This leads to the center of what Revelation refer to as “Online Immersive Qualitative”.
Mobile – Closer to Experiences
Mobile is an immediate and quasi-omnipresent medium, with the ability to capture and transmit pictures, texts, impressions, feelings, behaviors as they occur.
Mobile qualitative can profit from this by adopting what Revelation describes this as “immersive online qualitative”. It encompasses three core dimensions that help understand behavior:
- Contexts: where are you? Who are you with?
- Behavior: what are you doing?
- Emotion: how do you feel?
Mobile can capture this triad of behavioral understanding when a particular experience occurs, making it much more likely to be an authentic and accurate record of an event.
Optimized mobile = imaginative technology + creativity in research
The learnings gained from the various validation and piloting studies reached critical mass in 2007, the year of launch. Revelation accompanied the launch with the announcement of their own mobile qual. App.
The App has evolved to third or fourth generation, but the principles applied are constant – “merge imagination in technology with creativity in research” – so the experience is smooth and engaging.
Some of the stand-out features are as follows:
- Mimics mainstream current Social Media user experience - the App feels like Instagram, is visually driven, with room for text comment
- Works off-line – ensuring thoughts or comments are not lost if connectivity breaks down.
- Superior video and photo handling. The compression offered allows longer videos to be made, they are also easier and faster to upload. Videos can be uploaded in the background with no interruption of other device activity.
- Push notification. Participants can be pinged a reminder or request by a Researcher who has seen something posted that is particularly interesting or pertinent, asking for more detail or clarification.
- Device optimization. The interface is highly responsive and adaptive to whatever the device may be, re-sizing and re-visualizing automatically.
For What types of Research?
Steve named the following research areas as particularly appropriate for mobile qual.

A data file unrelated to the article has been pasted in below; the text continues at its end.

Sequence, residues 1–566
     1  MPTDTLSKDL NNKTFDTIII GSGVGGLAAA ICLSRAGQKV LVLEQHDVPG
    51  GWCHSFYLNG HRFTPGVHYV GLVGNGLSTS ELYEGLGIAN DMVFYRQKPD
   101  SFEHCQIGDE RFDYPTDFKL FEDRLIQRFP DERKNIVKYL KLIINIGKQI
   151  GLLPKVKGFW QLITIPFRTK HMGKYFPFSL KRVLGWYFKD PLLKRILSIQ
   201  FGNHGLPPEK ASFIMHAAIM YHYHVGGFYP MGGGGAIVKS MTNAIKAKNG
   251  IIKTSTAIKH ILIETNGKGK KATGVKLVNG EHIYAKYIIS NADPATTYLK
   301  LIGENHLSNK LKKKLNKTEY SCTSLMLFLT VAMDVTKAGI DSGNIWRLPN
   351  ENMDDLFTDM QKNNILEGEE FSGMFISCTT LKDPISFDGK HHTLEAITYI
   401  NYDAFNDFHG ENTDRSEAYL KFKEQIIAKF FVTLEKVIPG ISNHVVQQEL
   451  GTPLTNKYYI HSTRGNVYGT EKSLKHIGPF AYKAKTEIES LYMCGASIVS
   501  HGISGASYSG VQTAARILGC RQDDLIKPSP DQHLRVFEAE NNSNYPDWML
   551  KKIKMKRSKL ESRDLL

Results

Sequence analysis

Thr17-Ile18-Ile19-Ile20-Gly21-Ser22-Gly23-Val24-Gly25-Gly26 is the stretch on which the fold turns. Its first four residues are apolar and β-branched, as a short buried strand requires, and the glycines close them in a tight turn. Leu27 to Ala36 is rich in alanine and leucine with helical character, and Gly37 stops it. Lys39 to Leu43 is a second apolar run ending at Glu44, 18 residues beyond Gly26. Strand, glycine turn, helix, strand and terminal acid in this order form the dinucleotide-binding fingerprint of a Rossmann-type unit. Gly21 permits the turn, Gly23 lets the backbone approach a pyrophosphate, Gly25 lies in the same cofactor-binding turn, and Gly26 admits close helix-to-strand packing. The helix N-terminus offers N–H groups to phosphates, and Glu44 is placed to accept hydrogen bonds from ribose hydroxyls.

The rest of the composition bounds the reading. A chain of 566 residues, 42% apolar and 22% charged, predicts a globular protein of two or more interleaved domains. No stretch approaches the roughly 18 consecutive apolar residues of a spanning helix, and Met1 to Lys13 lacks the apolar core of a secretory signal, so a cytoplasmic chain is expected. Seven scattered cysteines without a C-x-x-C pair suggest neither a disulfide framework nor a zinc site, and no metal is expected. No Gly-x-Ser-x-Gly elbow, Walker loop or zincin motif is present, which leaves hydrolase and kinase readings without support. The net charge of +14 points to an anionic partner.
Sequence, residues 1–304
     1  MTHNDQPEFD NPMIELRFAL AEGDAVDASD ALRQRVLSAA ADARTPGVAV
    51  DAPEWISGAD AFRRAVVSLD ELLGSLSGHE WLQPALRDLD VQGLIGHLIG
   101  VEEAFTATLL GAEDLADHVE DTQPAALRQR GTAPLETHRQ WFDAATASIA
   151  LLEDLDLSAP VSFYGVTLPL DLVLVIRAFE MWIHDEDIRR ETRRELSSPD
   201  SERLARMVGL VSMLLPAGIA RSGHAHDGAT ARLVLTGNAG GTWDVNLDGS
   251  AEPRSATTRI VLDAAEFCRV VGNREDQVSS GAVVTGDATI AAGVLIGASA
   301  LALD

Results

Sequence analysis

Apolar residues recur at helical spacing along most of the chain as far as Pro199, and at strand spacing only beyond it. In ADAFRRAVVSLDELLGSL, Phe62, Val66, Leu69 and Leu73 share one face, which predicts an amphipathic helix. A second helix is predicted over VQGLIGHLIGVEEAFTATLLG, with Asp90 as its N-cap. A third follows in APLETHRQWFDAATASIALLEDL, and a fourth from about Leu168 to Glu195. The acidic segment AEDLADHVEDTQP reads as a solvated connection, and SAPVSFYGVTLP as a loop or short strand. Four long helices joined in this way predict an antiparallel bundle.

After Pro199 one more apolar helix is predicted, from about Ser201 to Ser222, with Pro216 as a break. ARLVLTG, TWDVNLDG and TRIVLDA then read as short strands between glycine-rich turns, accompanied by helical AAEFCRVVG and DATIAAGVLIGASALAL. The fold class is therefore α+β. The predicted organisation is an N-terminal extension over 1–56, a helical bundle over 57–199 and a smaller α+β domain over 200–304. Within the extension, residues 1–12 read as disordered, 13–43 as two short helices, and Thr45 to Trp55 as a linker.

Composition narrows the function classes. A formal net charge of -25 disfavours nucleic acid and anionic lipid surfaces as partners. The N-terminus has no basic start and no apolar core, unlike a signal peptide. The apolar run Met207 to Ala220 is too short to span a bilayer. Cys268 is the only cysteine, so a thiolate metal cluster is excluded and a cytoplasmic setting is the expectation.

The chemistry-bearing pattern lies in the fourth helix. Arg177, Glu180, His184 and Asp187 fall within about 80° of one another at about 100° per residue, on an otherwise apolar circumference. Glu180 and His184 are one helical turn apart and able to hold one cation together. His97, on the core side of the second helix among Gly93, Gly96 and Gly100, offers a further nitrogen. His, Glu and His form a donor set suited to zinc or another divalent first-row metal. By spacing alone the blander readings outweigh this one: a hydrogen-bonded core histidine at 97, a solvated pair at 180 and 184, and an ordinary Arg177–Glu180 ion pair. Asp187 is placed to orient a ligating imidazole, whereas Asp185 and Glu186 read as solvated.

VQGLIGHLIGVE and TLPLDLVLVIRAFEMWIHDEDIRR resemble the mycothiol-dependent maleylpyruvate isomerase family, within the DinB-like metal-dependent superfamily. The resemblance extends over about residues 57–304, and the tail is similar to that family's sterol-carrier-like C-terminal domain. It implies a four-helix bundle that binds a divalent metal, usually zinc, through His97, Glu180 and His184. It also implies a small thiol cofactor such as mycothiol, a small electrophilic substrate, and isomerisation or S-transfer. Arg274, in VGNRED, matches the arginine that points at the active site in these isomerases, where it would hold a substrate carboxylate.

- In-store: respondents can take a picture, make a video
- Online communities with diary-style activities: participant recording gives greater detail, richer contextual understanding
- Outdoor activities – anywhere where mobile is at hand, overcoming recall issues associated with capturing later on a laptop.
Revelation see mobile qual. as particularly useful in what Steve refers to as “foundational studies” – where clients are going back to basics, to the fundamentals of what motivates and moves, often against a backdrop of wealth of existing quantified data. Mobile qual. is used to unlock, unleash, bring alive, develop an engagement strategy – move from a static to a dynamic insights approach.
An example: a customer has existing segmentation data, typologies have been identified, but there are questions on how best to engage key segments? How approach them? In this context of segmentation and typologies, mobile qual. works well in bringing customer types to life.
Case Study: Digital Dads
In 2010 Yahoo wished to better understand the changing behavior of American “Dads” in the aftermath of the 2008/9 financial crisis. Some of these Dads had recently experienced being laid off, so had begun to assume a different role at home. Yahoo wished to know if, how and to what extent household tasks – cleaning, shopping, looking after the kids – typically assumed to be the role of the “Mom” – were affected by this dynamic.